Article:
For those who can’t stand the acceptance of bat flipping and related celebrations into major league baseball’s mainstream, I give you Darin Erstad.
Erstad, a two-time All-Star over his 14-year big league career, has been head baseball coach at the University of Nebraska since 2011. He is decidedly old school.
So when one of his players, junior infielder Angelo Altavilla, did this against Indiana on Friday …
… Erstad was not happy about it. (As evidenced in the video, neither was Indiana catcher Ryan Fineman.)
Erstad greeted Altavilla in the dugout with no small amount of displeasure—“Don’t do that again,” were his exact words, according to the Lincoln Journal Star—and then pulled him from the game.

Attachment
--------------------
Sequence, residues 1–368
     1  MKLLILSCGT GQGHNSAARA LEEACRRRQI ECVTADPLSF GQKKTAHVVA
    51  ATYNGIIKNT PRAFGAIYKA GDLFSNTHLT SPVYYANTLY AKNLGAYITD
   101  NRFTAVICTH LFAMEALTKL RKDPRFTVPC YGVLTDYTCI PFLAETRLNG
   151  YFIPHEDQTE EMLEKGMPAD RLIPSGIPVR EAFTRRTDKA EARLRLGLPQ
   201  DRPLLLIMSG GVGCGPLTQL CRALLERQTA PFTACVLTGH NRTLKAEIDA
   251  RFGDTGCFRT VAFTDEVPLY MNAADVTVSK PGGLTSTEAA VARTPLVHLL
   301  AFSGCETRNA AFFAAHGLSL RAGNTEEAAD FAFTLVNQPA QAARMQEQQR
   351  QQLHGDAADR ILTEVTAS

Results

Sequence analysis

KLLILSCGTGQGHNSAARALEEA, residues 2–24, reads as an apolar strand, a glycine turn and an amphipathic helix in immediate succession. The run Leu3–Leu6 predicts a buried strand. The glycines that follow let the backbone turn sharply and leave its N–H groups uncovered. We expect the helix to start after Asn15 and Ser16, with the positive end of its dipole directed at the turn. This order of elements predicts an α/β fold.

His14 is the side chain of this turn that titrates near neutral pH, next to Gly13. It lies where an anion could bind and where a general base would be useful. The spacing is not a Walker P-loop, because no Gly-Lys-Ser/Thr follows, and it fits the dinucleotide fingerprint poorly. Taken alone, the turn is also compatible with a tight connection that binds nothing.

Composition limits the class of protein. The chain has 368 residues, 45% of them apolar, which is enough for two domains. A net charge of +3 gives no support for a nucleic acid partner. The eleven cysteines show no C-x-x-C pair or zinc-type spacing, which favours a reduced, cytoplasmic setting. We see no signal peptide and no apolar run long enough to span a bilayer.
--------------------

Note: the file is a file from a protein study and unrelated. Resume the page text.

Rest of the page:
Altavilla had been slumping, as had Nebraska, so they had reason to celebrate. Such details did not matter to Erstad.
It’s one thing to accept that players set the tone for Major League Baseball’s unwritten rules. When a critical mass accepts bat flipping as the norm, well, that’s what it is. In college ball, however, there’s an emphasis on learning unlike anything found in the major leagues. NCAA coaches are shaping ballplayers, but, given that only a tiny percentage of the collegiate ranks go pro, they’re also shaping people. And if a guy like Erstad wants to pass along lessons about respect and decorum that his players can take with them into civilian life, more power to him.
Succeeding with grace is in increasingly short supply in this country. Here’s hoping for an infusion of the stuff from Lincoln.